Next time you meet a member of the government or the legislative assembly, ask them what he or she has done recently to address these big challenges. Because unless addressed, you will struggle to buy your food, pay your children’s school fees, improve your house or pay for your medical treatment.
1. Conflict & Instability
From cattle rustling to tribal skirmishes to the full scale civil war that’s currently swallowing the country, South Sudan hasn’t seen a year of peace since independence. This instability is bad for business. It scares away foreign direct investment and reduces confidence among citizens, resulting in those with means keeping their money abroad where it is of no help to our economy. But think about all that instability another way – for each citizen, the government spends $90 per year on the military alone. Deduct government salaries and operating costs, and you’re left with only $24 spent per year for that citizen on health care, education, infrastructure etc. Very little is going into stimulating business.
2. Poor Infrastructure
I’ll just focus on the roads. If you’ve ever driven anywhere in South Sudan, you’ll know the road network is bad. I mean really bad. Not only do these bumpy dirt tracks restrict access from one region to another, but they cost businesses money to use – and I’m not talking about those illegal ‘tax’ checkpoints either. In fact, 60% of South Sudanese businesses rate transport as a severe obstacle to trading. Bad roads means smaller loads and much longer travel times to get those goods to market. All this adds cost. Freight trucks drive an average of 6.4 km per hour so moving perishable goods, like foodstuff, is a big problem.
3. Dependence on Oil
As the old saying goes; never put all your eggs in one basket. But that’s exactly what the government of South Sudan has been doing. According to the World Bank, South Sudan is the most oil-dependent country in the world, with oil accounting for almost the totality of exports, and for around 60% of our gross domestic product (GDP). Diversifying the economy took a back seat when the oil money was flying in. Now with production falling to below 160,000 bpd and the decline in oil prices from $110 per barrel to $55 per barrel, our economy is dangerously exposed.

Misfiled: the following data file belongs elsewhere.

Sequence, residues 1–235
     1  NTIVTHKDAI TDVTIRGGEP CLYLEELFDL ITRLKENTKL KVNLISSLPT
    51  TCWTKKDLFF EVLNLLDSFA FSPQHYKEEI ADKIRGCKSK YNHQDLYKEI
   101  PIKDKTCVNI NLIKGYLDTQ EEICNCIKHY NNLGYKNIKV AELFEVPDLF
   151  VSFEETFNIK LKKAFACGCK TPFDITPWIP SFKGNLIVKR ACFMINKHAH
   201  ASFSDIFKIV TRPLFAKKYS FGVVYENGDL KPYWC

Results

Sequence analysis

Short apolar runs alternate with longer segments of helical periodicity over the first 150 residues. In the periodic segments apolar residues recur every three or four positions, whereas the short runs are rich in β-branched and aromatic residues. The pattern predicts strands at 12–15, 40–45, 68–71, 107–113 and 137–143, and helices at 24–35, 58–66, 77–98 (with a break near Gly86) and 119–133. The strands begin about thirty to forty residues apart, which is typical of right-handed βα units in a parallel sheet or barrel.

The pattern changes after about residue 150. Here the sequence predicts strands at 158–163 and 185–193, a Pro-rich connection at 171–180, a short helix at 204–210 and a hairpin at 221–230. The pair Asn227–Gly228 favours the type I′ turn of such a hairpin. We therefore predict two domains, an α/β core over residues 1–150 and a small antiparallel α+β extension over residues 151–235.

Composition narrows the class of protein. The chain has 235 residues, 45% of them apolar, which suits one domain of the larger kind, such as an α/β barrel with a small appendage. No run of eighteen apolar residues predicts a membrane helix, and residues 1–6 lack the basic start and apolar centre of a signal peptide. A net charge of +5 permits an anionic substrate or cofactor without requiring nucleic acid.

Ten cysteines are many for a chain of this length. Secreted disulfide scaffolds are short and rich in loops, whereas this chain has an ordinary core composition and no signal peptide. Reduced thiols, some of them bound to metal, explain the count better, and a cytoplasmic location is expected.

4. Dependence on Imports
We have virtually no manufacturing or commercial agricultural base or services sector. So, we have to import everything. The money we earn from oil is spent abroad on purchasing essentials, leaving precious little to stay in circulation inside the country. Any drop in the value of SSP will result in prices going up. Its impossible to keep the value of SSP high without something to secure it against. Here is where the fall in oil prices is really going to hurt us.
5. Low Human Capital
South Sudan has one of the world’s lowest adult literacy levels. Only one in three South Sudanese can read and write. 4 out of every 5 of the working population are engaged in non-wage work, mainly in small scale farming and cattle herding. As a nation, we’re largely unskilled and uneducated. This makes our country extremely unattractive to do business in.
6. Informal Economy
4 out of every 5 citizens live in rural areas far from population centres. I’ve already mentioned that 4 out of 5 people are engaged in non-wage work. No wages, mean no taxes. No taxes, mean no government revenue to investment in infrastructure and the delivery of services that can create wage paying jobs. This is a vicious cycle.
The economy matters. Make sure it matters to those who represent you in government.